The most common transaction structures when consummating a sale of a business are asset sales and stock sales. Due to different tax treatment between the two, the purchase price can differ by a fair amount depending on the structure.
What is an asset transaction?
In simple terms, an asset transaction occurs when the buyer purchases specifically identified assets and assumes specific liabilities. The seller retains the legal structure of the company which contains cash proceeds and the retained assets and liabilities.
The buyer generally creates a new company to house the purchased assets or rolls them into the existing company. This allows the buyer to purchase only the desired assets and assume liabilities it is comfortable with satisfying, but leaves behind undesired assets and liabilities.
How is a stock transaction different?
In a stock transaction, the buyer is actually purchasing shares of stock from the selling business shareholders. Since the buyer is purchasing the equity of the company (or a portion thereof), the buyer assumes all the assets and liabilities, including any unrecorded liabilities such as future warranty claims or potential litigation.
Tax benefits and disadvantages
If the purchase price in an asset transaction exceeds the cumulative tax basis of the assets purchased, the buyer can receive a stepped-up basis in the assets equal to the purchase price. This allows for additional future depreciation (on fixed assets such as equipment) or future amortization (on intangible assets such as goodwill) and, as such, helps reduce future taxable income and corresponding income tax expense.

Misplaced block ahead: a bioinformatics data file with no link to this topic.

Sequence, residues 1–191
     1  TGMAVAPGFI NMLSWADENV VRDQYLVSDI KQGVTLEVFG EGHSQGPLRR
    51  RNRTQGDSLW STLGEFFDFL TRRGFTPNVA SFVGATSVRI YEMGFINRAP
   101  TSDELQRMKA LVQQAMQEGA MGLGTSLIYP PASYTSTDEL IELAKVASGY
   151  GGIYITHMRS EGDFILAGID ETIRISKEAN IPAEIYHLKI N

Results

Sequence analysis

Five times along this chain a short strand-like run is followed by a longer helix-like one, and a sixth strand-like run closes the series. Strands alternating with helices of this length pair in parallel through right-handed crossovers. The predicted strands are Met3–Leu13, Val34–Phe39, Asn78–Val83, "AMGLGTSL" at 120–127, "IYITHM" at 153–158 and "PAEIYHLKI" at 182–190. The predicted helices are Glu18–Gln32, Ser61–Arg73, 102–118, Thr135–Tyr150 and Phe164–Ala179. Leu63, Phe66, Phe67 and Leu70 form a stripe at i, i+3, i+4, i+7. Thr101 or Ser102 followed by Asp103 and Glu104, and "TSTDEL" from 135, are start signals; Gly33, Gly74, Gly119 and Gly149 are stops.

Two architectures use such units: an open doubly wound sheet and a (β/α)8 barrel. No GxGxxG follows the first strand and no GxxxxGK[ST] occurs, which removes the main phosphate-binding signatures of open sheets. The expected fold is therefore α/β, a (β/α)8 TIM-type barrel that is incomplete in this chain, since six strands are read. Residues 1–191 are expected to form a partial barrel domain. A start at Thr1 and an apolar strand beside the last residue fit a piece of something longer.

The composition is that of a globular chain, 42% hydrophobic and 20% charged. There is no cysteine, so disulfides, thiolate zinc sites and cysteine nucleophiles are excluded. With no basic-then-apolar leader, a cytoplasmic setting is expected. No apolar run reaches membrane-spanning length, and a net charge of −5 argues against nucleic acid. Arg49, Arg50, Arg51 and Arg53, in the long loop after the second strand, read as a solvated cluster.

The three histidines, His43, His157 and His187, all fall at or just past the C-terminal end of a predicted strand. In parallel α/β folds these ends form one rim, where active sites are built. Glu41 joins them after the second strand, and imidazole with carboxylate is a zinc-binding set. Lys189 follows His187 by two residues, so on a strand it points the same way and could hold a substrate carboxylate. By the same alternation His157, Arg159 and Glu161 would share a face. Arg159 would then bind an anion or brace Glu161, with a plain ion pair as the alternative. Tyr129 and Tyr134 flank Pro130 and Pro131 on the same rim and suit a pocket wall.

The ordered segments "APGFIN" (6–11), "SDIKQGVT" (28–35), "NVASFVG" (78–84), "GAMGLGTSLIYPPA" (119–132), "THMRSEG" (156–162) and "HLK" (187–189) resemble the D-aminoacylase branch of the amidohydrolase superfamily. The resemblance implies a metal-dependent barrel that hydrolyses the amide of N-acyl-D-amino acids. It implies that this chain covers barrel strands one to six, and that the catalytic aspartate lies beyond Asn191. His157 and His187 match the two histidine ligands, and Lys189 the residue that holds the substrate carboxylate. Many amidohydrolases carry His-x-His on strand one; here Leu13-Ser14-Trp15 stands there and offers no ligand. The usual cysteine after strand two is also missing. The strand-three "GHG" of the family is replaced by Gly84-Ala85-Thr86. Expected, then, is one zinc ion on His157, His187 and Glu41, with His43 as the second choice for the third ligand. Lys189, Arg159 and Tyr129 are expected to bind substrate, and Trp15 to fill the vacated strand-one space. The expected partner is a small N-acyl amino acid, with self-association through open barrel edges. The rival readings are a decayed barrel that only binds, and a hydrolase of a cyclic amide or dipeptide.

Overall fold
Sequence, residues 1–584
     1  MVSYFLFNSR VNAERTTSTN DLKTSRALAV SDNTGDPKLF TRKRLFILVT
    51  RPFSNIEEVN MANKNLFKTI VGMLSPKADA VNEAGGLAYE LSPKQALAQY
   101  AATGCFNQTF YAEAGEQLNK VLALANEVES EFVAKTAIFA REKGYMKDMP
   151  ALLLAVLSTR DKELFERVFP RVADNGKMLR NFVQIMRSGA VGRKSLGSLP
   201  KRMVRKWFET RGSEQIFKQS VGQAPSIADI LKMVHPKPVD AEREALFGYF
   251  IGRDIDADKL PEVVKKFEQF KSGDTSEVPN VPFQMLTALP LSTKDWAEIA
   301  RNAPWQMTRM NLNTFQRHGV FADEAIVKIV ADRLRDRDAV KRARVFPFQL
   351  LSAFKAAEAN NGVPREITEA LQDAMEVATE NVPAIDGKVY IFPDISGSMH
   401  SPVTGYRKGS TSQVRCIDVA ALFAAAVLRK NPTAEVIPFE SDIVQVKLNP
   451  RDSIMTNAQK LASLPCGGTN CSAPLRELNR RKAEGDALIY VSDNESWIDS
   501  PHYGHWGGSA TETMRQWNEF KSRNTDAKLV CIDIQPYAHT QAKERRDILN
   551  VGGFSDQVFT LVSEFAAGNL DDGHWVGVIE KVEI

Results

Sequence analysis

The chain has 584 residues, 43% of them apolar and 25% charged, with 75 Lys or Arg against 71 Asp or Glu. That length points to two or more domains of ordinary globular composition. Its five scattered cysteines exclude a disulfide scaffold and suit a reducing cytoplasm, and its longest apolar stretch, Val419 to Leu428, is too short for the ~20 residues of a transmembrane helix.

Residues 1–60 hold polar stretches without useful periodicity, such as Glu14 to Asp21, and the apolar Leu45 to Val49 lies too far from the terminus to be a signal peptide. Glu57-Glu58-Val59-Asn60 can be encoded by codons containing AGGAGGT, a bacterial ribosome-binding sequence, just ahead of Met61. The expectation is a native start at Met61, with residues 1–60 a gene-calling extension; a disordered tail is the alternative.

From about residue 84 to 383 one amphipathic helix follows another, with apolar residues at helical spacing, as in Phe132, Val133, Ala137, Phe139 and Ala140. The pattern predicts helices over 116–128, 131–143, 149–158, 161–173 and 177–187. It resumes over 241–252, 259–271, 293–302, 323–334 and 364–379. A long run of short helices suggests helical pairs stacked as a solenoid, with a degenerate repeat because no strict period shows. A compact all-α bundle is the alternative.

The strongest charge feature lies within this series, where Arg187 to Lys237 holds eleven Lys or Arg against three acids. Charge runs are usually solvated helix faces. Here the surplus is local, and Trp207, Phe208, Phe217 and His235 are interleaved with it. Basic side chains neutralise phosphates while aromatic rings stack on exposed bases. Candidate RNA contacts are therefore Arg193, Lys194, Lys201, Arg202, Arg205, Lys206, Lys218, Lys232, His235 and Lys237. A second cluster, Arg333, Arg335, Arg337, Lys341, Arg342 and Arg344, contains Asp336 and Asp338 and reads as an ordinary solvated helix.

However, the seller will likely have a tax disadvantage as gains on certain assets are treated as ordinary income and taxed at higher rates than assets that receive capital gains treatment. Generally, the tax benefit to the buyer is equal to the tax disadvantage to the seller.
In a stock transaction, the seller has a distinct tax advantage as the equity interest sold receives capital gains treatment. Capital gains tax rates can, at times, be 20 percent lower than ordinary income tax rates.
In certain qualifying situations, the buyer can elect to treat a stock purchase as an asset purchase under Internal Revenue Code Section 338 and receive a stepped-up basis for the assets, resulting in future tax deductions as discussed previously.
A side benefit of a stock transaction to the buyer is the ease in the transfer of non-assignable contracts, permits, licenses, etc. because they are inherently acquired in the transaction.
Given the tax benefits and disadvantages of the transaction structures, the purchase price should reflect the net differences between the parties. Therefore, it is important to evaluate the net purchase price after payment of related taxes when comparing transaction structures.
Original content written for the American City Business Journals (2016). View source webpage here.